Tuesday, March 13, 2018

Future Harvest, Present Grace

Fox Business says one reason a significant number of Millennials struggle to find work is that self-control is still considered a major workplace asset. Rightly or wrongly, employers tend to associate that quality with older workers.

Self-control is the ability to subdue our impulses in order to achieve longer-term goals; to do the necessary things even when our emotions get in the way — not a priority much stressed in the last few generations. Karl Moore notes, “Millennials value emotion. They are taught in high school and university a Postmodern worldview which puts thought [and] emotions on nearly the same plane.”

Well, if how I feel is going to dictate what I do today, I should not be surprised to find at the end of the day that I haven’t got a whole lot done. And that is a problem.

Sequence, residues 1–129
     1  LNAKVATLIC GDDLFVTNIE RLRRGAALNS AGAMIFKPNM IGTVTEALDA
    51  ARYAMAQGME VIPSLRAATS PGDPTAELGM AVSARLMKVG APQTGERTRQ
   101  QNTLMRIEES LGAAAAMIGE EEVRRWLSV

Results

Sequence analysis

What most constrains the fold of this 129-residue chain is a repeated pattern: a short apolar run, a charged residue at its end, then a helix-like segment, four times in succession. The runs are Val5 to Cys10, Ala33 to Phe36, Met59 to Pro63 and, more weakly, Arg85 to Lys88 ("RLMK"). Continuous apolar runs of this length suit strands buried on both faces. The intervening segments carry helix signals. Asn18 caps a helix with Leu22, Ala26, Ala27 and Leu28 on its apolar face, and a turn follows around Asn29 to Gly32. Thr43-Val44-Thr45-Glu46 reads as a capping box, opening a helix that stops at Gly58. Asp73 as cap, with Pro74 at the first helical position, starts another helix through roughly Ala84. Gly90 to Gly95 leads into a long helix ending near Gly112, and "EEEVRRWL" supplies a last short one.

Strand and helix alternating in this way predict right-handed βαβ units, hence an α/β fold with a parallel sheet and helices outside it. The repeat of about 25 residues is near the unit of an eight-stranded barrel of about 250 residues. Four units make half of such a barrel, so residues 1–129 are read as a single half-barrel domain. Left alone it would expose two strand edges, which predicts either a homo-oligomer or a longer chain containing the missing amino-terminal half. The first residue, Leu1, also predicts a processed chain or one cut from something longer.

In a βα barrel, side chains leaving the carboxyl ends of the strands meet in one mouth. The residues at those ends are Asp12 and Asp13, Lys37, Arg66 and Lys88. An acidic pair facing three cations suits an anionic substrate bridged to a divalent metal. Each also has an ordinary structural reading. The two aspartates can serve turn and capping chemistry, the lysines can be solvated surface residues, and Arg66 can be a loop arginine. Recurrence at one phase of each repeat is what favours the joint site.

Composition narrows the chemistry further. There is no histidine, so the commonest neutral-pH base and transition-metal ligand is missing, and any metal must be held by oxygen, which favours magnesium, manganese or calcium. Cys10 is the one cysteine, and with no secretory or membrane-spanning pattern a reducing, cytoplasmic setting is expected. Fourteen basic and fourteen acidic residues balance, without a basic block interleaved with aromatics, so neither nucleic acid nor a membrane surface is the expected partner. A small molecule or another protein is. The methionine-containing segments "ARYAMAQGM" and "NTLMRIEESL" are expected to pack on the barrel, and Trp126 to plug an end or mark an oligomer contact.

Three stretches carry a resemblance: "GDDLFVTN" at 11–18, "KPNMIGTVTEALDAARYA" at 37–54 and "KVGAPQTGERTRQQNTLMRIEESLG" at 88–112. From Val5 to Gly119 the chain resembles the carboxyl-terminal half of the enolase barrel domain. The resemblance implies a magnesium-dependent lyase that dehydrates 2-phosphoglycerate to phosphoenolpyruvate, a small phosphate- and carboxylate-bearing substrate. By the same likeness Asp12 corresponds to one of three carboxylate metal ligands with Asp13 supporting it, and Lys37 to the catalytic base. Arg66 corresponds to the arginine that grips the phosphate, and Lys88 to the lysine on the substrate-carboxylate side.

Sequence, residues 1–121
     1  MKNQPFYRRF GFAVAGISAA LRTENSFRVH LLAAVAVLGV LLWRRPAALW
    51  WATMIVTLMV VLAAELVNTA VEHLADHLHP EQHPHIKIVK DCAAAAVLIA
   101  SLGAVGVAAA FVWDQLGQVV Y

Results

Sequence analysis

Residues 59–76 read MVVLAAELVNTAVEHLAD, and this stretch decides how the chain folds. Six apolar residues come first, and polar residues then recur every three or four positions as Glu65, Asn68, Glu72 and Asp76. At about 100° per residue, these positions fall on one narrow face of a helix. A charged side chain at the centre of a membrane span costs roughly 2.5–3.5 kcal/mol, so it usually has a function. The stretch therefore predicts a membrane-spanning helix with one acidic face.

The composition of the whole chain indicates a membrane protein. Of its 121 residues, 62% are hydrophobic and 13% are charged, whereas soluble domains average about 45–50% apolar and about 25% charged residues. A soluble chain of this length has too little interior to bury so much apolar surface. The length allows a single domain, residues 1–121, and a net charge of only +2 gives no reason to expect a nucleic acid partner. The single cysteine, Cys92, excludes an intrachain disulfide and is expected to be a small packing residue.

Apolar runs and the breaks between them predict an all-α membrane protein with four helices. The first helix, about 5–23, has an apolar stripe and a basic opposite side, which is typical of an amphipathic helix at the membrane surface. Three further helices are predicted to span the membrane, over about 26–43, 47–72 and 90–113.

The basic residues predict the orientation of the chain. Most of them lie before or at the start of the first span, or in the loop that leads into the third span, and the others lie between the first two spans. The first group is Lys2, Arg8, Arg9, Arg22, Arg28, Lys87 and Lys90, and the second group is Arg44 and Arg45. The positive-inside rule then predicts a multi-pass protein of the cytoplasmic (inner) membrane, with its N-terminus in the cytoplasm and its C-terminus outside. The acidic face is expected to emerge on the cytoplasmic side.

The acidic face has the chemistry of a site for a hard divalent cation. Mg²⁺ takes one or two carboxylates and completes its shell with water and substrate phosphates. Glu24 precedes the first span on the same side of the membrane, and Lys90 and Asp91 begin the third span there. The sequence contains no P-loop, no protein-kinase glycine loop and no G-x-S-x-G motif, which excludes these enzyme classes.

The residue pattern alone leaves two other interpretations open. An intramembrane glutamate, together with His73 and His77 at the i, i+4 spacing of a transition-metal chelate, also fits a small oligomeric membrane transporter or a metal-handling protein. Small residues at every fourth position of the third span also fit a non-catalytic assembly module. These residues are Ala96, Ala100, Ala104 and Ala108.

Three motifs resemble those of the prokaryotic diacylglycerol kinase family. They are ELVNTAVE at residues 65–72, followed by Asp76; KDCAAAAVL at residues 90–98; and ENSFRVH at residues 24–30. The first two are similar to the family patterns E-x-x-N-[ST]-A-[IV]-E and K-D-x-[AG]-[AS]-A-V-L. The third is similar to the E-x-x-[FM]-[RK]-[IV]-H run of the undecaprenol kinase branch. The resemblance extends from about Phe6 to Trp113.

Monday, March 12, 2018

Evil in Unexpected Places

“No one gives up on something until it turns on them.”
― Thomas Ligotti

Ligotti’s statement may or may not be true, but there is something to be said for people who live consistently.

Those who have become disillusioned by the behavior of Christians are among the most intensely disillusioned people I have ever met. How do you initiate any kind of dialogue with someone completely convinced he has taken the measure of your faith and found it wanting?

Sunday, March 11, 2018

On the Mount (21)

It’s going out of style now, but in times past a man proposing marriage would get down on one knee in front of his intended and ask for her hand.

As anyone who has ever googled “Marriage proposals gone wrong” can attest, that sort of thing can be risky business. The man usually makes the sacrifice of purchasing an expensive ring, then goes about proclaiming his love, most often in public, making himself visibly (not to mention emotionally) vulnerable and taking the chance that his request may be denied and his efforts come to nothing.

Sacrifice and humiliation. Interesting combination. But if you want something badly enough, maybe a little humiliation is no big deal.